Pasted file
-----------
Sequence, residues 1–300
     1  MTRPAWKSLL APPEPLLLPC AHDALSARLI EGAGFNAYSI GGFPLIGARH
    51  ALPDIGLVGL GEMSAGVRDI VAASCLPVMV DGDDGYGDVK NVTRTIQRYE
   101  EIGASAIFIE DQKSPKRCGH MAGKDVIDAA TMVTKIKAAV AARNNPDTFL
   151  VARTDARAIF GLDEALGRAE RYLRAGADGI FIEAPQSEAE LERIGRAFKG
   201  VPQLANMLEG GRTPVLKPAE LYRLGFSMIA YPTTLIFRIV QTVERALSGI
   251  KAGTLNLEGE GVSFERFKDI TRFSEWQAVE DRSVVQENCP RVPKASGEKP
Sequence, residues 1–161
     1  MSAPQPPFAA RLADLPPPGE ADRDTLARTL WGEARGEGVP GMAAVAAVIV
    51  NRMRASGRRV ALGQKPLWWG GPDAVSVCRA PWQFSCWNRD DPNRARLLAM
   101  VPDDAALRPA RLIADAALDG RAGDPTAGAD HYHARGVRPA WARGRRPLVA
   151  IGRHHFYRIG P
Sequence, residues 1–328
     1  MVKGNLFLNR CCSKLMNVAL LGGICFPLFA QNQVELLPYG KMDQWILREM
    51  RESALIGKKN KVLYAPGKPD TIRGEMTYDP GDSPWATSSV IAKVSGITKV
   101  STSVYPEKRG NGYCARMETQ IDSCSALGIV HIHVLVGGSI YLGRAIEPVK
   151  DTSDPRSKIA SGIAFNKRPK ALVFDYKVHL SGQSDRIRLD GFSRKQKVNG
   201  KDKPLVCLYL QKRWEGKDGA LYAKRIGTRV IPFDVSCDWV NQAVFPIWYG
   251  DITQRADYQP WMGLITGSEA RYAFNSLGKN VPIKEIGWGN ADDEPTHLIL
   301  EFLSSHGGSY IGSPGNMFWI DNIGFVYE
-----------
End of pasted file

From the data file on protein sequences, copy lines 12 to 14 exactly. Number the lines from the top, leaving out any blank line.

   151  IGRHHFYRIG P
Sequence, residues 1–328
     1  MVKGNLFLNR CCSKLMNVAL LGGICFPLFA QNQVELLPYG KMDQWILREM